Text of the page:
How to Host a Gingerbread House Decorating Party

How to Host a Gingerbread House Decorating Party
Photo by Hannah Sentenac

Like a too-heavy topper on a wobbly Christmas tree, a holiday party can be the final touch that sends you crashing to the floor. Most of us are just one too many ornaments away from the nuthouse this time of year.

But done right, parties can be tons of fun and (relatively) stress-free.

On that note, here's a fool-proof how-to for hosting a gingerbread house decorating party. And by gingerbread, we mean graham crackers. And by house, we mean questionable structures. And by party, we mean gathering of pseudo-adults who enjoy eating candy and playing with toys.

See also: Dylan's Candy Bar Showcases Artistic Gingerbread Houses for Art Basel

How to Host a Gingerbread House Decorating Party
Photo by Stephanie Glass

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Stock up on supplies.

This means any and all kinds of candy, plus the obvious boxes of graham crackers and ingredients for icing. Good candy/decor options include:

  • Peanuts (as bricks)
  • Rock candy
  • Peppermint swirls
  • Gumdrops
  • Gummy bears and other animals
  • Pretzel sticks (trees, logs)
  • Sprinkles of various colors, shapes, textures
  • Chex or Frosted Mini Wheats (tiles, roofs)

Also -- knives and mini spatulas -- anything good for spreading.

Hint: Buy enough candy so it also serves as an appetizer. People will nosh on this shit anyway, so you might as well be prepared.

 

How to Host a Gingerbread House Decorating Party
Photo by Hannah Sentenac

Make extra icing.

You can never have too much. Make a couple batches in different colors. A simple recipe is as follows:

  • 1 pound confectioner's sugar
  • 1/2 cup pasteurized egg whites
  • 1/2 teaspoon cream of tartar

Whip all ingredients together in a stand mixer, on high, for five to seven minutes or until stiff peaks form and the icing is shiny.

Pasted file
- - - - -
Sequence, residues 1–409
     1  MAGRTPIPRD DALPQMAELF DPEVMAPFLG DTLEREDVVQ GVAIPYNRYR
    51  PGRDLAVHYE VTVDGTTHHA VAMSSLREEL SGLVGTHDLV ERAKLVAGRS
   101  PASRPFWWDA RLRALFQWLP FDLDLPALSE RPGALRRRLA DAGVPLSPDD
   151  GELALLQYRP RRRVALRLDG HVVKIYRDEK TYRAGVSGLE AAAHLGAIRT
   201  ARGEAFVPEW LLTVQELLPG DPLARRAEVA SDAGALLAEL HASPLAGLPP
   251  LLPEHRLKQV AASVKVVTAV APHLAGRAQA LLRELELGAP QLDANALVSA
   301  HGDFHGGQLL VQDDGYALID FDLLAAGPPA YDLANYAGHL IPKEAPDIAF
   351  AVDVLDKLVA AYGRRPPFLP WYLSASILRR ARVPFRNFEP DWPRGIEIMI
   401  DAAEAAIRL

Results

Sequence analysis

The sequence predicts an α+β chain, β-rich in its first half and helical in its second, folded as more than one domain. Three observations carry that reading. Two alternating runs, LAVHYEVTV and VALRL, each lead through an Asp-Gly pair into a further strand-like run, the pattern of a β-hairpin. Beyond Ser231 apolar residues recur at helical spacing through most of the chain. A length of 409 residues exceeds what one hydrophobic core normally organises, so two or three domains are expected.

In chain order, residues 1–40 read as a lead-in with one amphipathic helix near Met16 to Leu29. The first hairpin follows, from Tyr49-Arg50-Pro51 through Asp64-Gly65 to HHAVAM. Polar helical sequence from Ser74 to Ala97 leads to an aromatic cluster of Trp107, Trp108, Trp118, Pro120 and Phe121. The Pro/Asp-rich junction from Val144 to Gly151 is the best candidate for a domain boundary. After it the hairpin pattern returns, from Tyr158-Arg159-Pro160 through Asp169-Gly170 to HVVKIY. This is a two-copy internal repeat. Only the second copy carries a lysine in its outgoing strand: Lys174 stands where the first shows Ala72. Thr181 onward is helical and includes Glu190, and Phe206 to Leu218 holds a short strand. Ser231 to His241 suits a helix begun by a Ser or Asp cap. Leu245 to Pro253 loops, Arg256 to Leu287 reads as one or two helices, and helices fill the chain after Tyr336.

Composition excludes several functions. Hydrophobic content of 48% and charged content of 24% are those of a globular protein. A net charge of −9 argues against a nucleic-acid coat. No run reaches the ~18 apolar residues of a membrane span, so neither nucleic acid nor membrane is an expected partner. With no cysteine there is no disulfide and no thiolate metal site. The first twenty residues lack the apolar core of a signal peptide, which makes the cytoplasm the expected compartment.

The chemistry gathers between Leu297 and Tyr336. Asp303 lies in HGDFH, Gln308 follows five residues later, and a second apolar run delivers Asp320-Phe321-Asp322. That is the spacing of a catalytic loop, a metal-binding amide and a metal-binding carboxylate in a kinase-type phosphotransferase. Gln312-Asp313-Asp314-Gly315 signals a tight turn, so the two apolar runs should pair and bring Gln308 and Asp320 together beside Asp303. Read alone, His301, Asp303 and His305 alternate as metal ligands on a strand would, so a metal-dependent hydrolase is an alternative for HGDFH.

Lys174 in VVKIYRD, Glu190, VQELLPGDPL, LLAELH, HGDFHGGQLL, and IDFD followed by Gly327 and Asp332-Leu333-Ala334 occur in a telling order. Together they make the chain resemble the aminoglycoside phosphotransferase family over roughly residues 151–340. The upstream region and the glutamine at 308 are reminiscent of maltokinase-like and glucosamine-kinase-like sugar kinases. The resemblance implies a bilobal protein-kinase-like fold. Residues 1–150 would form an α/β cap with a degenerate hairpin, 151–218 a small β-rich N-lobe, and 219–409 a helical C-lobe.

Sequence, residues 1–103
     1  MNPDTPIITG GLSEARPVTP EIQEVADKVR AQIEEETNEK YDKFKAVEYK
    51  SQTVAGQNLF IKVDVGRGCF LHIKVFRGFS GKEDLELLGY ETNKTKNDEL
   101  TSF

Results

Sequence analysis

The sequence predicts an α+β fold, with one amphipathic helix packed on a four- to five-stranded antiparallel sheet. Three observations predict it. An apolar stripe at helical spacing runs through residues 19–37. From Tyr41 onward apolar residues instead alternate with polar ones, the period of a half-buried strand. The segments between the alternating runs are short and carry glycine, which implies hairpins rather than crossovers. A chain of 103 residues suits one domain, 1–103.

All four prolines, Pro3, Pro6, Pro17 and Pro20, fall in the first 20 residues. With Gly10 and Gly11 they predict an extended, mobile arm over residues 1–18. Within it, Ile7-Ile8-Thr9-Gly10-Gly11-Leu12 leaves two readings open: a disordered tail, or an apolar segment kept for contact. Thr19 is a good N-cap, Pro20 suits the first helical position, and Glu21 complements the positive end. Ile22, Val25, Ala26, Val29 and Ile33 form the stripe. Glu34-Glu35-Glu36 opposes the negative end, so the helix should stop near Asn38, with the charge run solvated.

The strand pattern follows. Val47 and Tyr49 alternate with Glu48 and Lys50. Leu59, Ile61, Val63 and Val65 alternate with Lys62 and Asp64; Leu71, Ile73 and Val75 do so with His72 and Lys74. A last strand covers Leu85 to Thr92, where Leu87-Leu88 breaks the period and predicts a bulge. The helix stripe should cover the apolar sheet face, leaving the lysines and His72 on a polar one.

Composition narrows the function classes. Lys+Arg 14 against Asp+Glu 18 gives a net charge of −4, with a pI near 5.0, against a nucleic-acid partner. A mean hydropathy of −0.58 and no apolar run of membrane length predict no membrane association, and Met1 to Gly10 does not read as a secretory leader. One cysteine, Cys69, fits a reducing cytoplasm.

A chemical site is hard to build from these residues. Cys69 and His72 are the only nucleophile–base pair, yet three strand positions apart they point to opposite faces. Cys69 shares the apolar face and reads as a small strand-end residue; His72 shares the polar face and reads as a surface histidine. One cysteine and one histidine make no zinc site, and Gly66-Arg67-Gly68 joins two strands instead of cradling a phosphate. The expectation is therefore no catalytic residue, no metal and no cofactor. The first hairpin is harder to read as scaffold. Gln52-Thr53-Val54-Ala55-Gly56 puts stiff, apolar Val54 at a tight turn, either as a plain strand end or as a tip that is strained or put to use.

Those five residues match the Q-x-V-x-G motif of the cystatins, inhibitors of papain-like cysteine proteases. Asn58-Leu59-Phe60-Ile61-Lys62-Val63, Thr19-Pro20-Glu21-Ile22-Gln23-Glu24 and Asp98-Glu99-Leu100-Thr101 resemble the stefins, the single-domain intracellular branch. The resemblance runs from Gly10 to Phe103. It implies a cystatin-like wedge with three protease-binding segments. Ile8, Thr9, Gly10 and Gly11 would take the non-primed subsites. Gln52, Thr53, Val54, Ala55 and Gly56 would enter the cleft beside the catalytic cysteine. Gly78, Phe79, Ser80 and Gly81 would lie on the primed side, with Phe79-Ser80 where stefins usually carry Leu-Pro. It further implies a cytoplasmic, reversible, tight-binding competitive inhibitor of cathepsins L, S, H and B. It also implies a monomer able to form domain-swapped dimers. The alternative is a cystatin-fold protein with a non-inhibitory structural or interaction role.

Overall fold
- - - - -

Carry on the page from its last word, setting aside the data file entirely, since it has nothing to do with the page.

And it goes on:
Have structural support options.

Gingerbread architecture is surprisingly difficult, so it helps to have small cardboard boxes, plastic bowls or other structural support elements your guests can use as crutches.

Use cardboard or baking sheets for bottoms.

You can cover 'em with plastic wrap. Then, when you're done, guests can either carry their home on cardboard, or you can trash the ones on baking sheets, no clean-up required.

Candy bar by Laine Doss
Candy bar by Laine Doss
Photo by Hannah Sentenac

Print out ideas.

It can be tough to spontaneously come up with anything other than your standard four-walled house with a fence. Boring. There are eight gazillion ideas on Pinterest from people with too much time on their hands. Learn from them.

Be ok with trashing everything afterward.

Does anyone actually eat gingerbread houses? Not likely. And your friends probably won't want to carry their creations home. Throwing these works of architectural genius in the dumpster will sting a little -- but heck, at least a raccoon family might get a meal out of 'em at the city dump. Bright side.

Come party time, pop open some eggnog, have a drink and relax. Play some Christmas tunes and create a brilliant masterpiece in graham cracker. Clean up will be easy as pie. But sorry, we can't do much about the other 85,000 things on your to-do list, so enjoy the stress-free shindig while you can.

Follow Hannah on Twitter @hannahalexs.

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